“I was just playing the game, having fun, trying to compete,” Ben said. “Looking at it in hindsight, it’s a great feeling to know that all my hard work in my redshirt year paid off and I just want to continue that this upcoming year.”

“Obviously it was shocking to see the season he had just because his numbers were so good,” Jack said, “but it wasn’t as much a shock to us as it was to other people. He had been swinging the bat like that in practice for over a year at that point so it was awesome to see him doing that when it counted now.”

With Ben at the top of the order and patrolling centerfield, the stacked 2020 Georgia squad finished the season as the 2nd ranked team in the country. Ben had hopes of playing in the Cape Cod League for the summer but the league cancelled it’s season due to COVID-19. Luckily for him, his head coach Scott Stricklin had also reached out to Bananas head coach Tyler Gillum.

“Coach Stricklin called me and said he had a really good player for us,” Gillum said. “It was his starting center fielder and leadoff hitter and he said he was a great kid too.”

Just like that, Ben was headed to Savannah.

“Obviously I had heard of all the Savannah Banana antics, the videos you have to do, and all the extracurriculars for the fans and how crazy the games were. I was excited for that aspect. I’m not really like a big center of attention guy so I didn’t wanna be at the center of any of the videos or anything so that was my main concern,” Ben said, laughing.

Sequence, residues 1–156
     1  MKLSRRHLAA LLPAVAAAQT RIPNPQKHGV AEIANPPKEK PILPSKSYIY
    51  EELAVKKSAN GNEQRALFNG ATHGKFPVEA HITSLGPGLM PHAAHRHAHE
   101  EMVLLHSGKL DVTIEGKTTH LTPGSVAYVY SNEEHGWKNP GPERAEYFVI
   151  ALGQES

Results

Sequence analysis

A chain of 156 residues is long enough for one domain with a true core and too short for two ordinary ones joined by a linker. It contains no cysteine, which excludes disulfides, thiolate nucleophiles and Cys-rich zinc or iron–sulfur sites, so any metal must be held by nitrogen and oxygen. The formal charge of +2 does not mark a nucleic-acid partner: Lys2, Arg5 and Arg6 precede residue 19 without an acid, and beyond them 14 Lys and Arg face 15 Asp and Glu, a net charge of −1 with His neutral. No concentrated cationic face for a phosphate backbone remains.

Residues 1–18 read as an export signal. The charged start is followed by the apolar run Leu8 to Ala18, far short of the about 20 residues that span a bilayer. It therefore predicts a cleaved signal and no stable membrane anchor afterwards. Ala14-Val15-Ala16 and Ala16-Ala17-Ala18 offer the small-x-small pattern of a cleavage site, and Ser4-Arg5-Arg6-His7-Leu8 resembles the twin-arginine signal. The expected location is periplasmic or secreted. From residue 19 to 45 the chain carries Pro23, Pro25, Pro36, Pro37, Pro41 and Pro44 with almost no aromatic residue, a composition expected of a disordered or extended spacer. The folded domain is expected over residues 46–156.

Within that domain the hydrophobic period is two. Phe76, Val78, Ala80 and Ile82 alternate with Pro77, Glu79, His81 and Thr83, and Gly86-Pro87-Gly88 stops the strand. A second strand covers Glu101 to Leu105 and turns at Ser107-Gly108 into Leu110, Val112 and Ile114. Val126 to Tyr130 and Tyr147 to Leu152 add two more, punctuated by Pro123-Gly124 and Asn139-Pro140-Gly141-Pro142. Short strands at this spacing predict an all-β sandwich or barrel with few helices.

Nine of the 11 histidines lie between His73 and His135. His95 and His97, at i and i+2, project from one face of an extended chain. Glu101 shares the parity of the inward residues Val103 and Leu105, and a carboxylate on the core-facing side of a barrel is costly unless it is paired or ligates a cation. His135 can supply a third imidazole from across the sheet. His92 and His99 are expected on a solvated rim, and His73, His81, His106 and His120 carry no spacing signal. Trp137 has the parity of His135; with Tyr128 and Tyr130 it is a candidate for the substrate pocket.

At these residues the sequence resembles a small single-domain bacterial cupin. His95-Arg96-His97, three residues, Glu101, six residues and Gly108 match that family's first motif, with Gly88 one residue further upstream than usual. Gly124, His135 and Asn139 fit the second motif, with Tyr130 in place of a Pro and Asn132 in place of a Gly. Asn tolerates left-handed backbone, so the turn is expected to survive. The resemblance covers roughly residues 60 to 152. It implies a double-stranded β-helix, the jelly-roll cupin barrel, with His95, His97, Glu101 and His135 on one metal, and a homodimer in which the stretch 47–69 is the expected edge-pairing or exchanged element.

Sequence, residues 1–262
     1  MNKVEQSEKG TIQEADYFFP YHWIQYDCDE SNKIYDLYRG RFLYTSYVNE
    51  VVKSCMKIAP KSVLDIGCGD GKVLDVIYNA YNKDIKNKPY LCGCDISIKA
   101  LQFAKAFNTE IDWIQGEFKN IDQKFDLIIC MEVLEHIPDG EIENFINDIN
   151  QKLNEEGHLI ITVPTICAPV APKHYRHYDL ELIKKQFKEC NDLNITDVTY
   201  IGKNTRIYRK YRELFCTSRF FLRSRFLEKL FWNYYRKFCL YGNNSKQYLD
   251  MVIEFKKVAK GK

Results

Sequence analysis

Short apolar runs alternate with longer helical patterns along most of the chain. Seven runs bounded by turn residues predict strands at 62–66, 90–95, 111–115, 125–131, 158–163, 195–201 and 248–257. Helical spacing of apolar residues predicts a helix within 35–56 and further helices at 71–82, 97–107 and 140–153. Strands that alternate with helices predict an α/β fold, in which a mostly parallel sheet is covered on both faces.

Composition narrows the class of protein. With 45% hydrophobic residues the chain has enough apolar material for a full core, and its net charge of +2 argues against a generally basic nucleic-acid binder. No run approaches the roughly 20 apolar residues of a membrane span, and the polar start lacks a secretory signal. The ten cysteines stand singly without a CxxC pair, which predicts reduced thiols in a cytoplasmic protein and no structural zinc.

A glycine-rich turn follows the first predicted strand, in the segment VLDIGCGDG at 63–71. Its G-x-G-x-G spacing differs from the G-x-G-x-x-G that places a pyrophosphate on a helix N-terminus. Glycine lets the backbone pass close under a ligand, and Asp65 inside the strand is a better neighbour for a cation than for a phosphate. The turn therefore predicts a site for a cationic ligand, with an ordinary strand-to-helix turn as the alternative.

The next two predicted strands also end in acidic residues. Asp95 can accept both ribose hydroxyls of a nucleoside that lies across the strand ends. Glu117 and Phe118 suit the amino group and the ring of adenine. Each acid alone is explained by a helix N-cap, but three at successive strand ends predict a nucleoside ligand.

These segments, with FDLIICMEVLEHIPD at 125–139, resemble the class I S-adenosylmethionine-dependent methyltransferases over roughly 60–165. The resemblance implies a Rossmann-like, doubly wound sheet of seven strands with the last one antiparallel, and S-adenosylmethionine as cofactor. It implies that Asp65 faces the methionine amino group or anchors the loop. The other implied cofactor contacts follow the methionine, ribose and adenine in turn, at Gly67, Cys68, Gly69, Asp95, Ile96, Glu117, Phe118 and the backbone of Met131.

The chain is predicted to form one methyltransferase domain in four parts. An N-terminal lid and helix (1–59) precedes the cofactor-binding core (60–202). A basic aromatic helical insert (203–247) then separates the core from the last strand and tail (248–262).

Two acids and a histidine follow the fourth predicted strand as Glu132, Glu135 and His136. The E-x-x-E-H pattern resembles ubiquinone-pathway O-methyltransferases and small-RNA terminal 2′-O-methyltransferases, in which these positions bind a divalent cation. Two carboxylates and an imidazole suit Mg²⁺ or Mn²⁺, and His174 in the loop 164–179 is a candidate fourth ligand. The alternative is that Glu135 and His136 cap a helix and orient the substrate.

He had his buddy Jack Gowen in his second year in Savannah to show him the ropes and Ben settle in quickly, especially once games started and he saw how serious the baseball aspect of the Bananas operation is. He didn’t get involved in much of the in-game player entertainment because it is mostly dominated by pitchers, but he did have fun getting involved in the broadcasts.

“I ended up really enjoying my time in Savannah,” Ben said. “I really liked being mic’d up in the field, I thought that was really cool and I thought the Hey Baby was pretty enjoyable too.”

Ben’s play on the field wasn’t slowed down by the chaotic atmosphere around him in Grayson Stadium. He hit .282, had a .440 on-base-percentage, and led the team with 25 runs scored.
“I think what makes him really good is his strikezone discipline,” Gillum said. “He’s great at putting the ball in play, using his speed. He’s one of the fastest players I’ve ever coached, probably the fastest guy I’ve ever seen go from 1st to 3rd. Obviously that’s great for his play in the outfield too. He takes great routes and has a really good arm, he’s really got the whole package.”